More than 27 million of us in the United States have osteoporosis, with as many as 80% being women. Almost everyone over age 75 has some bone loss, or "porous bones". Studies show that exercise is one of the three catalysts that help build healthy bones. Safe exercise and practice of yoga is important as we age; as important as taking in enough calcium and vitamin D in our diet.
Weight bearing and resistance exercises are positive activities which do the most for building a strong bone structure throughout life. Postural exercises, such a yoga, strengthen out of shape muscles, hold you in good alignment, and prevent injury. There are some movements that could be important to avoid, like: 1
- High impact and jerking movements, like jumping or vigorous aerobics.
- Exercises that ask the spine to support much of your body's weight, like entering/exiting headstand, handstand or shoulderstand (see the picture and never do this).
- Exercises and sports that round the back, such as sit-ups, hanging forward bends, and rowing. Even seated forward bends could challenge some spines.
- Exercises that exaggerate the twist near the end of the rotation.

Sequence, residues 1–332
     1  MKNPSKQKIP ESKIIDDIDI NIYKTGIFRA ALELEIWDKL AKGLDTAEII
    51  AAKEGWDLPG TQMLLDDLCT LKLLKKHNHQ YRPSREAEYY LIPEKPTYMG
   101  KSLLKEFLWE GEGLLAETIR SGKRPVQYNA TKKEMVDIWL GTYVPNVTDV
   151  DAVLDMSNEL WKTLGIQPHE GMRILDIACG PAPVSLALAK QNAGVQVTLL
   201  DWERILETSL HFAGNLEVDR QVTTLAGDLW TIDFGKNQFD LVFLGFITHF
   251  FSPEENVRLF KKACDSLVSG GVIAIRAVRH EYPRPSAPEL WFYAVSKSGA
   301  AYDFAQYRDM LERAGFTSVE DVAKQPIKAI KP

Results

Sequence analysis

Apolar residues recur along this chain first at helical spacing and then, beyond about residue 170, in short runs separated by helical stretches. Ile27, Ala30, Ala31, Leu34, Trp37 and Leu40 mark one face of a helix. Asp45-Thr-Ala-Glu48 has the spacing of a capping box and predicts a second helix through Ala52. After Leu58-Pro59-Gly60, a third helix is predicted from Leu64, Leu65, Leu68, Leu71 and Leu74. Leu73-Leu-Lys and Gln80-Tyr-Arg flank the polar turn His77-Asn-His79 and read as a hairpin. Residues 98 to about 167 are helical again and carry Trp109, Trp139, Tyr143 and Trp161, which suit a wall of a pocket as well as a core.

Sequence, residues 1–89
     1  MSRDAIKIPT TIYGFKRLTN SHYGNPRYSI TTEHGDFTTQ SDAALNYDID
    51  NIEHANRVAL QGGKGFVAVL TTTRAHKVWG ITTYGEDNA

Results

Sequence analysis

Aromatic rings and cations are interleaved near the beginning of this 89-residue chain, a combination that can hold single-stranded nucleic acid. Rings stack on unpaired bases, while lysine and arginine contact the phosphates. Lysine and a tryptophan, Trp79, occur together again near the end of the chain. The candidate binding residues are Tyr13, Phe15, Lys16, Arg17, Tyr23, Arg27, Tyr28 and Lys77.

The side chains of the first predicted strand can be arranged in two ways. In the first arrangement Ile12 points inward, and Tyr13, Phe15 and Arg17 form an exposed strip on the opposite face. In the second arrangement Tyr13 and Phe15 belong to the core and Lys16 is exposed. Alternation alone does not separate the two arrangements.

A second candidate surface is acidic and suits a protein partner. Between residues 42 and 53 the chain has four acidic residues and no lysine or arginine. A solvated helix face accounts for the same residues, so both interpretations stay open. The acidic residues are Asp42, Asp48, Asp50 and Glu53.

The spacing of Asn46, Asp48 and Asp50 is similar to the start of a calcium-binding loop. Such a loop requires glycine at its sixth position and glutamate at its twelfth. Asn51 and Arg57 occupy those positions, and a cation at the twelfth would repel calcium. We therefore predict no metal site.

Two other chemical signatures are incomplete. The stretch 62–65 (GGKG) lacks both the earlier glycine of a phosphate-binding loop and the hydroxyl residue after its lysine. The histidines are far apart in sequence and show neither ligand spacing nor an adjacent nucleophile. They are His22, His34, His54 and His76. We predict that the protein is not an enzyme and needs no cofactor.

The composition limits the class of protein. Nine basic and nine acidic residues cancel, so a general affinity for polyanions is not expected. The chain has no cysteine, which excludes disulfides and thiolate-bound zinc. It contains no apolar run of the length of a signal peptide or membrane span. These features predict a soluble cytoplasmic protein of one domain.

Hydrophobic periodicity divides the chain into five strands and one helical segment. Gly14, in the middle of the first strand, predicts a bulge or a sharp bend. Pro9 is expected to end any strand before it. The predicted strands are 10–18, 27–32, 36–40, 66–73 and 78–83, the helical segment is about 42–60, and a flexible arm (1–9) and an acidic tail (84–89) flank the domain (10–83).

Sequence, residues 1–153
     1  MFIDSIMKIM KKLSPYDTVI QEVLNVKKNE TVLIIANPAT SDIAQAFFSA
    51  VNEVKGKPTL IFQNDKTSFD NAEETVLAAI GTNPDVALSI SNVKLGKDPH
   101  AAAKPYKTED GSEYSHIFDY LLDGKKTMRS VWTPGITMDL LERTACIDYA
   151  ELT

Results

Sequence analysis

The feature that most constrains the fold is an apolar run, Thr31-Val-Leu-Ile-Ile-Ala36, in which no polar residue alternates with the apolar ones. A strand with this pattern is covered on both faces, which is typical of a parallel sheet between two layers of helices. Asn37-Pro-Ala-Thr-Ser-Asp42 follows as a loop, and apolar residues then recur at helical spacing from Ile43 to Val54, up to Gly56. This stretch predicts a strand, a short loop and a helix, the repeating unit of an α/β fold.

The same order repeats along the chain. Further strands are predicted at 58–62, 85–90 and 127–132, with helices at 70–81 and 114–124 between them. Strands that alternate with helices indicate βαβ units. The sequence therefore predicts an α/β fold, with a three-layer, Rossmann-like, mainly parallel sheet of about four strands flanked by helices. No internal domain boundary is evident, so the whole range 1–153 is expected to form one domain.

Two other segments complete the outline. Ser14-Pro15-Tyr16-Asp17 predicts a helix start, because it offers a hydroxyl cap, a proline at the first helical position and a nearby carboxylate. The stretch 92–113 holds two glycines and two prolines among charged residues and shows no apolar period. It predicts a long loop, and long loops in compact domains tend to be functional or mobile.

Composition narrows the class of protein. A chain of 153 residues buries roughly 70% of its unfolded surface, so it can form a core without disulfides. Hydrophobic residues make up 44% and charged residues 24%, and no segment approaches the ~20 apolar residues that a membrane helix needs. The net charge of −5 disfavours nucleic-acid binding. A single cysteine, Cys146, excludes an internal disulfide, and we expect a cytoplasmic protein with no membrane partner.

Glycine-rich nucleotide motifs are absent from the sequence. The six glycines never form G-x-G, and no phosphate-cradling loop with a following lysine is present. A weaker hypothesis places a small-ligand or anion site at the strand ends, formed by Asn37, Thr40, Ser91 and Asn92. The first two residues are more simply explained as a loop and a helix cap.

When we learn how to safely move in yoga class, we learn how to use proper body mechanics in our regular living activities. This all does not mean that we cannot continue practicing the yoga and sports we learned in early or mid life. However, knowing proper alignment and precautions will keep us healthy and strong well into our futures.
In Babyboomer Yoga, we adhere to these alignments and precautions for all students so we can learn safe movement well into our future. Join us on a Saturday morning 9am in Saxonville for yoga instruction that will keep you strong, safe and peaceful well into your senior years. There is no time to start yoga like Now! I (Lisa) also teach private yoga to those who would like very specific practice protocols for their conditions.
Contact me below or write to me at Lisa.
Class info here.
1 Healing Moves: How to Cure, Prevent Common Ailments with Exercise. Carol Krucoff and Mitchell Krucoff, MD. www.healingmove.com